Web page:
Wonderful legends are woven around Valentine’s Day celebrations. In Wales, young people exchanged as gifts wooden spoons which were hand-carved with decorations of hearts and keyholes.

The decorations said, “you hold the key to my heart or you unlock my heart.” In other places, women were given gifts of clothes and if they accepted the gift then it conveyed that they were willing to marry the man who sent the gift.

In 1415, Charles, the Duke of Orleans is known to have penned, from his prison in the Tower of London, what were known as “poetical amorous addresses” to his wife in France. He is believed to be one of the earliest creators of Valentines.

Just as companies like Hallmark sell cards for Valentine’s Day today, in the 15th-century people bought little booklets with the verse in them and then made their own Valentines using the verse to express their thoughts.

For example, a Valentine could have the hand-drawn illustration of a knight and his lady with Cupid the god of love shooting arrows into the knight’s heart.

In the US it was after 1723, that the popularity of the celebration grew. People imported the “booklets of the verse” all the way from England and copied the verses onto gilt-edged papers.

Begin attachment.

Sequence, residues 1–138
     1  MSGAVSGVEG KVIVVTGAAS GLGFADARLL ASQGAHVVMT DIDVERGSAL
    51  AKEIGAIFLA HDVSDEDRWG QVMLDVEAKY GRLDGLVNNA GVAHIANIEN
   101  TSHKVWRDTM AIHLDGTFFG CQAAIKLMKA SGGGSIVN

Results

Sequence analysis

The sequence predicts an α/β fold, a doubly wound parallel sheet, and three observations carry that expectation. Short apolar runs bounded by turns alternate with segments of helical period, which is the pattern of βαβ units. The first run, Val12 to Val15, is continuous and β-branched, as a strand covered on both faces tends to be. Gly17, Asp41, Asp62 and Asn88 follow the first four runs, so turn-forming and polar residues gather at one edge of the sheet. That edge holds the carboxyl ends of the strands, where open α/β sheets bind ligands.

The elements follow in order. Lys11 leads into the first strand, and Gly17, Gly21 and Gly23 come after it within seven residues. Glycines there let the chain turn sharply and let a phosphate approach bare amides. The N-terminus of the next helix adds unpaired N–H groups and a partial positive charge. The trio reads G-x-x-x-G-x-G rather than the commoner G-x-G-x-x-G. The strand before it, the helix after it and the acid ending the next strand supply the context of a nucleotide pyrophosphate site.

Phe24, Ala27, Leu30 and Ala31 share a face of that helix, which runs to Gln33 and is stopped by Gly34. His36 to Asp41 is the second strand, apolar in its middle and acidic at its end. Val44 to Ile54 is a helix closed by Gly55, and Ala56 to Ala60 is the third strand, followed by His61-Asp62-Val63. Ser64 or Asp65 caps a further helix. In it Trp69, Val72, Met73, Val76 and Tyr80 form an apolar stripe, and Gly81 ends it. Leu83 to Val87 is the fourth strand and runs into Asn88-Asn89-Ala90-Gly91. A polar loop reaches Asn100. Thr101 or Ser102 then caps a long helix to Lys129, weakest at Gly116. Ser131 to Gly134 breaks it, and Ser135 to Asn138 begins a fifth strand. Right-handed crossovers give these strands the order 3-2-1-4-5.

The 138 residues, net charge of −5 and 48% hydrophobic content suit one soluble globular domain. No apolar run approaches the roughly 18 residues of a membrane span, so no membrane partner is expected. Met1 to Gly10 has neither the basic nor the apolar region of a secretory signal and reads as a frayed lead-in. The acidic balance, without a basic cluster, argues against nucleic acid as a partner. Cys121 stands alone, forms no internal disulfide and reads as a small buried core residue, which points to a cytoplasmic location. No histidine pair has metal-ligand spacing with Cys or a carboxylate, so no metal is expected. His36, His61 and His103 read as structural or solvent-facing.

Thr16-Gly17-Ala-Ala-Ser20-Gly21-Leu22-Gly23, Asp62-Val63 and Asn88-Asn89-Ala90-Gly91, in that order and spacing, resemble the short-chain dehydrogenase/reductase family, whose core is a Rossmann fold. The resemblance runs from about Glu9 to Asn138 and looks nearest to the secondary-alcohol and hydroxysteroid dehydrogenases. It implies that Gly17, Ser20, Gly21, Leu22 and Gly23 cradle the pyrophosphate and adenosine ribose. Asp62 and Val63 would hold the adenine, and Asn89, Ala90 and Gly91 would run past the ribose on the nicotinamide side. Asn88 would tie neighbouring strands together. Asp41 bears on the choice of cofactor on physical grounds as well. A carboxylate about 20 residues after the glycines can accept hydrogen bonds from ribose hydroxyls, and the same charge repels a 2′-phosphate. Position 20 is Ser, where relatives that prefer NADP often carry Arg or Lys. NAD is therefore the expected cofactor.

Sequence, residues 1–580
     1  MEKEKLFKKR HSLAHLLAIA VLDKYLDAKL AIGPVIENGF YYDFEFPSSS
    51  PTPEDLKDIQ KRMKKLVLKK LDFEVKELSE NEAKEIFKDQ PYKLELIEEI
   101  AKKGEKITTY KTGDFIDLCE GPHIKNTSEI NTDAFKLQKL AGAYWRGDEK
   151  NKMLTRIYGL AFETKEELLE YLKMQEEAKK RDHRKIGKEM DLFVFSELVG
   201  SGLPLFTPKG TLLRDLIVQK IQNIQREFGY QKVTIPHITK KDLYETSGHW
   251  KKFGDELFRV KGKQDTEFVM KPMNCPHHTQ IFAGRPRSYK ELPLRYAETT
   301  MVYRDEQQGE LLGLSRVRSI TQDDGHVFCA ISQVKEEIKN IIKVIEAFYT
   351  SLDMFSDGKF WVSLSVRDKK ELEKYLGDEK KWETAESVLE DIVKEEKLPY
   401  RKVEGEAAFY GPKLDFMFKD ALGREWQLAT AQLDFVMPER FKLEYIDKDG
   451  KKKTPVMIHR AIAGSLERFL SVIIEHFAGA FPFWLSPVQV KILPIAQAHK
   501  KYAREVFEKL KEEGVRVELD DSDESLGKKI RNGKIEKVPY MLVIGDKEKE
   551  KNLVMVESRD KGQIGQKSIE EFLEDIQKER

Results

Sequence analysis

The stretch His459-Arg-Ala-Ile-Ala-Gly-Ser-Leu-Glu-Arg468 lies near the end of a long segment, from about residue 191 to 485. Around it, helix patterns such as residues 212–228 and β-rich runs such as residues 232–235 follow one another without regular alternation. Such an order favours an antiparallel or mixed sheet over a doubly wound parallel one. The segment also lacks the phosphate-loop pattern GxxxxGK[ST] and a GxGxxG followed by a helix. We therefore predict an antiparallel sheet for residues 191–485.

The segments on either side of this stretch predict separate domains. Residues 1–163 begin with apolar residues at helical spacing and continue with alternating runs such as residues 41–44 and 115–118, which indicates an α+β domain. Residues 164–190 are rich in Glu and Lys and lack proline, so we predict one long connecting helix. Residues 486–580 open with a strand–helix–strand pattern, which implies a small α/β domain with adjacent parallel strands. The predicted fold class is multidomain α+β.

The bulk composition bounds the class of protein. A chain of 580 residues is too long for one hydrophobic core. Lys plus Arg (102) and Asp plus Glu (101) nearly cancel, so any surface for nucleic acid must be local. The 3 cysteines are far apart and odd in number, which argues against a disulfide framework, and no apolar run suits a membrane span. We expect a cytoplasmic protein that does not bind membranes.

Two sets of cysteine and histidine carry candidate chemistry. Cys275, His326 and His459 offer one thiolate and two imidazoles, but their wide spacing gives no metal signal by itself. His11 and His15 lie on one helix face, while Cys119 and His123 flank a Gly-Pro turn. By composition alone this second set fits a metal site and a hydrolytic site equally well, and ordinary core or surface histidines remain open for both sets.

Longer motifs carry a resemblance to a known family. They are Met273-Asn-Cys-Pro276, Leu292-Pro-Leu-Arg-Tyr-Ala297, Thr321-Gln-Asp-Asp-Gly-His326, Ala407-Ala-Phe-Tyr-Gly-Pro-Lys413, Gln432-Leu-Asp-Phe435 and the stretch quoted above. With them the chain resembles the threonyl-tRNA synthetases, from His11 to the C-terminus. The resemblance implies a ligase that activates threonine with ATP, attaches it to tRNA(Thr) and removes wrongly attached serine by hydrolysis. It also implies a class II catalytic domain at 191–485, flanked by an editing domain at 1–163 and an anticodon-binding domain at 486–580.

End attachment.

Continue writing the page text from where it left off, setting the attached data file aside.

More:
Then a Ms Ester Howard in around 1830 decided to be original and create American Valentines that were marketed as Worcester Valentines.

Since then, with changing centuries and tastes, the celebration has taken on new hues with young men and women, children, as well as older couples creating newer ways to celebrate and declare their undying love.

During the cold days of winter, many of us find comfort in the brief respite that Valentine’s week gives us. In order to celebrate it to the best level, many people buy gifts for their loved ones.

Children are also given small gifts, chocolates, teddy bears and even money. As they too want to give a gift, they often give handmade Valentine cards to their loved ones. Finding a special, meaningful gift is important.

When giving a Valentine’s Day gift, it is important for you to think of a way to give your loved ones as clutter-free a gift as possible.

As a child, if for each Valentine’s Day you got a stuffed animal, how much room would you have to receive yet another stuffed animal? Not to mention, getting the same type of gift year after year can become tiresome.